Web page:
Hydrated sulfates are found in a wide variety of planetary environments on Earth and throughout the solar system. Orbiter and rover missions, like the Mars Reconnaissance Orbiter and Curiosity rover, have identified a range of hydrated sulfates on the surface and shallow subsurface of Mars, including the solid solution of szomolnokite and kieserite (FeSO4·H2O–MgSO4·H2O), which may persist at greater depths. Hubble Space Telescope and Galileo spacecraft measurements of icy moons have indicated the presence of sulfate-ice mixtures on the surface, prompting theoretical and experimental work constructing interior models of icy satellites, like Ganymede.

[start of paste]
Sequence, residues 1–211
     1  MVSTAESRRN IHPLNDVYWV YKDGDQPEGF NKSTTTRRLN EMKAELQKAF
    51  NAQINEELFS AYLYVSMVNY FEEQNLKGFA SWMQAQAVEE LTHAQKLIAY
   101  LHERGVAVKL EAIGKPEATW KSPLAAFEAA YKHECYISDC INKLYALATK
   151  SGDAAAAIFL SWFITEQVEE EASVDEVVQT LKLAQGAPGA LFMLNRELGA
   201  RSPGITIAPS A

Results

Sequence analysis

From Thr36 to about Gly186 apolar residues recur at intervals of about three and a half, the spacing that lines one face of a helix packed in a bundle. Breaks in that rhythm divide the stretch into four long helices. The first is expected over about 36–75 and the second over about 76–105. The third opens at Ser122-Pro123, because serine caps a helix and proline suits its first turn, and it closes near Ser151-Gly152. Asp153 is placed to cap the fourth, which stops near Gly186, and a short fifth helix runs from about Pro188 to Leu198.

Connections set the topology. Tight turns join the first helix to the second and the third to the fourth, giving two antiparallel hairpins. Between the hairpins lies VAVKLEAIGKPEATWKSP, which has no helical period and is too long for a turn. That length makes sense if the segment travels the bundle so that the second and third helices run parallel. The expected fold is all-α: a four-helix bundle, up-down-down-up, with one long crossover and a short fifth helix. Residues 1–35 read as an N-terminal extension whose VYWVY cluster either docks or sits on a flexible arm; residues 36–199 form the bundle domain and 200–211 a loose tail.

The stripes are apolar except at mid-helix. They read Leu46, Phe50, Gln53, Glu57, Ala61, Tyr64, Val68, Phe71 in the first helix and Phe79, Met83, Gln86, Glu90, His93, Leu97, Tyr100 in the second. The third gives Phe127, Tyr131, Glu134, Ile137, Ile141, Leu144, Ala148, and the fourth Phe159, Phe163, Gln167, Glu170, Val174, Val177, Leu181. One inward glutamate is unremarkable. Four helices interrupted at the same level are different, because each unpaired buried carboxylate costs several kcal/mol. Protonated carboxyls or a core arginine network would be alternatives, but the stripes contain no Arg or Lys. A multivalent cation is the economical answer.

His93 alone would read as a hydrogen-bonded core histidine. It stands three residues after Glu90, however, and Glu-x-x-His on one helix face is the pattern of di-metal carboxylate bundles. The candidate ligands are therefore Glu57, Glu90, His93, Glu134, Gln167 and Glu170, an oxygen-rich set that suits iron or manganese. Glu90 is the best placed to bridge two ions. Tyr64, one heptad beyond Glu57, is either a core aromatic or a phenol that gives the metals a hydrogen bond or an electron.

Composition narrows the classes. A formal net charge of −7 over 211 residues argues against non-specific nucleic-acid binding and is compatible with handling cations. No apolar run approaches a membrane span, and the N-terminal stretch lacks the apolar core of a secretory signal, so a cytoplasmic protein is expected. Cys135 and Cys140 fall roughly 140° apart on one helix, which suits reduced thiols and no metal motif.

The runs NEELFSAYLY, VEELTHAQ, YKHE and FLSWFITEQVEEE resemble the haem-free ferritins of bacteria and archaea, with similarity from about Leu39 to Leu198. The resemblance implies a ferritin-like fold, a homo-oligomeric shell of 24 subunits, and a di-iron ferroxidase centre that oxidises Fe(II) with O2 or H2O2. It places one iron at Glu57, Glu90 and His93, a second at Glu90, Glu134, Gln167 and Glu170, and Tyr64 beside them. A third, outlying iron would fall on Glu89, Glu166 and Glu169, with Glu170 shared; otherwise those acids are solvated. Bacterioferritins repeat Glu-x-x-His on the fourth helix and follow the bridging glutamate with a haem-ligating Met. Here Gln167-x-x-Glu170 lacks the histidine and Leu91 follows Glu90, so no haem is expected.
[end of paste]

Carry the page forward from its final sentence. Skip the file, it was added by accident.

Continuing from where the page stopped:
To better understand the high pressure and low temperature environments hydrated sulfates are found in, we have performed a suite of experiments on an iron-endmember hydrated sulfate, szomolnokite (FeSO4·H2O), in the diamond anvil cell aimed at characterizing its elastic, electronic, and structural properties. Using synchrotron infrared spectroscopy, synchrotron Mössbauer spectroscopy, nuclear resonant inelastic X-ray scattering, and X-ray diffraction, we identify structural phase transitions and the related effects on both the bulk elastic properties and specific atomic environments in szomolnokite. Using this comprehensive dataset we evaluate szomolnokite’s contribution to planetary interior properties, including seismic wave velocities, water storage, and implications for viscosity.
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